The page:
A couple of weeks ago I was part of the “promotiecommissie” of RvA at the university of Leiden. This is the committee that evaluates the thesis of a PhD candidate, and which then subsequently is also part of the opposition during the in-person defense, sometimes known as the “viva“.
I was quite impressed by the work described in the thesis. Not just because the individual projects described in each chapter was solid, but also how one clinical problem was approached from several angles with each research question answered with a different methodology. But every chapter it was clear that it contributed to the central theme: is the current practice of venous thrombosis prophylaxis in certain orthopedic patients justified.
The candidate started out with a description of risk factors of venous thrombosis related to tho either lower leg cast immobilization or arthroscopy of the knee and thus establishing that indeed there is an increased risk and that certain risk factors contribute to this risk. A survey amongst colleagues subsequently showed that the prophylactic treatment given to these patients differs quite substantially. This relatively simple element of the thesis is crucial, as it shows equipoise for the treatment – even though there is some evidence from trials, the evidence is weak and methodological unsound (they mostly use ultrasound diagnosed venous thrombosis, not a clinical diagnosis) resulting in highly varied practices.
So the stage is set for a trial. In fact, two trials, one for each of the two patient groups is presented in Chapters 5 and 6 of the thesis. Impressive stuff, which found its way into the NEJM, which showed that treatment with LMWH is in fact not better than placebo. Given this result, this is normally the end of it, but “compared to placebo” should normally raise some eyebrows. Is that the right comparison group? In this case, you can argue that it is, but even if you don’t think so, just go to chapter 7, wherein another group at high risk of venous thrombosis a comparison with compression stockings is made – again, here no evidence that LMWH is better. The candidate here presented this is an IV-analyses. Interesting thought, but I disagreed – the idea behind the comparison between centers has some IV elements in it in the rationalization, but there is no actual IV-analysis being done. Potato, Potato perhaps, but hey, it is a PhD defense! The last two chapters were the first step to a prediction model for venous thrombosis in orthopedic patients (prediction in case-control design, no validation). The idea behind is that if you can identify among all patients the high-risk group, treatment with LMWH might still be useful.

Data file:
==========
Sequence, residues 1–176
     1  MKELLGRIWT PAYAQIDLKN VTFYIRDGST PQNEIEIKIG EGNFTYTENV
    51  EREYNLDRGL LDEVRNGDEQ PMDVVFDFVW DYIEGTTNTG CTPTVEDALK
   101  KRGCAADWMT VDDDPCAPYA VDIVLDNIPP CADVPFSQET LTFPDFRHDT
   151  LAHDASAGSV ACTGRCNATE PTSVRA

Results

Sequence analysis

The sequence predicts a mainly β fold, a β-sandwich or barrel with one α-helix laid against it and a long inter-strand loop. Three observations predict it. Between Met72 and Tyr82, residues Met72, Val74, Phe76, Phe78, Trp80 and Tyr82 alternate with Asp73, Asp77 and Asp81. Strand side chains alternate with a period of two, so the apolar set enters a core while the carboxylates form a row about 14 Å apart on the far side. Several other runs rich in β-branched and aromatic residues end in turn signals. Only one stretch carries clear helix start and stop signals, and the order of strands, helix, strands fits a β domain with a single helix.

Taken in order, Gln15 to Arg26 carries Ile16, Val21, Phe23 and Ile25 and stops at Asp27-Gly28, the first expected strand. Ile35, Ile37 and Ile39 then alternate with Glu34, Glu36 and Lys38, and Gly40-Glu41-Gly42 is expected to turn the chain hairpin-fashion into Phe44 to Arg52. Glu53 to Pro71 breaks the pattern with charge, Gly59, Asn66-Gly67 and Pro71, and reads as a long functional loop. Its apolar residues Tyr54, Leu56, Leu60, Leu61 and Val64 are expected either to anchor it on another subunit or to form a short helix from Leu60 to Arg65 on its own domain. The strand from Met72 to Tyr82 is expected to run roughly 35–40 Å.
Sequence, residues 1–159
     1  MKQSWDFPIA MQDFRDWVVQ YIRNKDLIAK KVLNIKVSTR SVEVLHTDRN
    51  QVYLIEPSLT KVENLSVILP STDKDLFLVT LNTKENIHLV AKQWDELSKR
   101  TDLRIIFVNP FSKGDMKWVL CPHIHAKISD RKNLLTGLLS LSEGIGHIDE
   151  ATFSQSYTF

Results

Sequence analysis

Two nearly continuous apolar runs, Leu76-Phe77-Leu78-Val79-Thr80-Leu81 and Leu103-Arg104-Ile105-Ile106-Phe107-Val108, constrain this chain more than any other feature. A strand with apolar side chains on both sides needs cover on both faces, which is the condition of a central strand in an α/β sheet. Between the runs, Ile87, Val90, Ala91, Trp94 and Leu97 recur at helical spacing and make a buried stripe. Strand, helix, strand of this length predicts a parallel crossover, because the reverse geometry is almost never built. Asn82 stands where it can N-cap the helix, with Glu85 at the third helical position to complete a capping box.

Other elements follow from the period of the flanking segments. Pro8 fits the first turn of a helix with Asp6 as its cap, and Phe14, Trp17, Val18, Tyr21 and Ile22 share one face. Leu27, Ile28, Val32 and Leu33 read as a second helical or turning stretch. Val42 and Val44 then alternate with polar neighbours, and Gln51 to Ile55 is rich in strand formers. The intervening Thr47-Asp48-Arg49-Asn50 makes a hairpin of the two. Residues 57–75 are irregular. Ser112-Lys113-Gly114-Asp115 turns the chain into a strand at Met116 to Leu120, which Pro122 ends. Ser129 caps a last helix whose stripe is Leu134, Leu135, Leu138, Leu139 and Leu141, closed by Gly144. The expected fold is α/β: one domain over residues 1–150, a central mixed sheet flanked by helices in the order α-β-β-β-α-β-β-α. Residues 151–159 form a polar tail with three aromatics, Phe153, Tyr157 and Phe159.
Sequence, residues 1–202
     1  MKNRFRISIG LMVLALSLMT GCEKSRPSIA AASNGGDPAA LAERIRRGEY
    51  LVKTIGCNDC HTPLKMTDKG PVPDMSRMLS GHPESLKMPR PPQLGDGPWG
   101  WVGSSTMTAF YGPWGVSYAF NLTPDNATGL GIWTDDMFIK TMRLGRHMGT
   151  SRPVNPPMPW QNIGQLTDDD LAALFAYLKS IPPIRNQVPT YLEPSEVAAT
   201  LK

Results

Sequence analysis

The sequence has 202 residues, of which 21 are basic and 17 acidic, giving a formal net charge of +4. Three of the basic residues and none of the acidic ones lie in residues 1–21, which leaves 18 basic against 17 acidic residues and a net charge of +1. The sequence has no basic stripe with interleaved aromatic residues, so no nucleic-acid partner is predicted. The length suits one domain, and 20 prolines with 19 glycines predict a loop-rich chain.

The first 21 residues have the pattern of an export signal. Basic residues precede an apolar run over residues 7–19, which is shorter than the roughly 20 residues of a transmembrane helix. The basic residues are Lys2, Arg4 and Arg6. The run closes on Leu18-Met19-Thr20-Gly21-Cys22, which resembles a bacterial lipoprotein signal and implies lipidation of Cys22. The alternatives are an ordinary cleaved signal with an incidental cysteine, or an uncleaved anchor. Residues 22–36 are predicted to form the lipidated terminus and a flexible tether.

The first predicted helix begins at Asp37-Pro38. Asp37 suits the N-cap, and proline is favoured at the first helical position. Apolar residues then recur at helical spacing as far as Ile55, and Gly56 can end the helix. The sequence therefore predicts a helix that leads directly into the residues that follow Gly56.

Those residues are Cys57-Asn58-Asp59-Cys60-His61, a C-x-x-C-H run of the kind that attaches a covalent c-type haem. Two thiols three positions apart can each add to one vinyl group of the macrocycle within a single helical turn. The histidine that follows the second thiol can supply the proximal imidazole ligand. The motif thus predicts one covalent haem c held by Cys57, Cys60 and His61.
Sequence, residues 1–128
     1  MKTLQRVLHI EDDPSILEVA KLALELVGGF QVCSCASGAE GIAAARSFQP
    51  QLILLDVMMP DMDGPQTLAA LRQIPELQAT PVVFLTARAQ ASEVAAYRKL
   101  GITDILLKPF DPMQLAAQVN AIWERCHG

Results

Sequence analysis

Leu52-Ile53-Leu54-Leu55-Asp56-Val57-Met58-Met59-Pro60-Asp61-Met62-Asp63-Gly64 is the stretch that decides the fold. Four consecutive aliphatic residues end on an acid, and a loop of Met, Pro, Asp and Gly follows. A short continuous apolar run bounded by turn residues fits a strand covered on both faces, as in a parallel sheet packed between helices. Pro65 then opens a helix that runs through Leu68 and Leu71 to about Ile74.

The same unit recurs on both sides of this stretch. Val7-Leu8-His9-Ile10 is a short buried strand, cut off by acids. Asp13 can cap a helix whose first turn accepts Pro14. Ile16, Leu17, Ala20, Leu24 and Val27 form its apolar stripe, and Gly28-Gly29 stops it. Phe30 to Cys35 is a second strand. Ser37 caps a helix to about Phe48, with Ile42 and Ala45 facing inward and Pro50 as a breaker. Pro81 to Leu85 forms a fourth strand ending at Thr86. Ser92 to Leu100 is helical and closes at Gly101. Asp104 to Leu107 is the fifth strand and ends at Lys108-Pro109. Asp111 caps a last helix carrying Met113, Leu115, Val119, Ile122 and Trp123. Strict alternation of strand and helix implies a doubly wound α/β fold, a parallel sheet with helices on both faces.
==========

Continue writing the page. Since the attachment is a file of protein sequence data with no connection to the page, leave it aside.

But for now, the evidence is clear – no LMWH in these orthopedic patients for the prevention of venous thrombosis. And that brings me to the lesson that I took from this thesis – it is possible, and necessary, that we evaluate medical practices already in place. It is the whole premise behind the book “Ending medical reversal”. I got that book as a gift from a colleague in Berlin, but I never got around to start. But after reading this thesis, I grabbed the book and read it cover to cover in just two days. Easy read, and interesting ideas, on how medical reversals, its causes, and how to prevent them from happening in the future. Some of my questions during the defense were even based on the book – for example, whether a cluster-randomized trial design should not be the golden standard in medical reversal research.
But the bottom line of the book+thesis combo is clear: there are a lot of medical practices used on a daily basis that should be re-evaluated. Except for one: “LMWH for the prevention of venous thrombosis in all patients with below the knee immobilization or arthroscopy” can be taken off the list.
The full text of the thesis can be found here.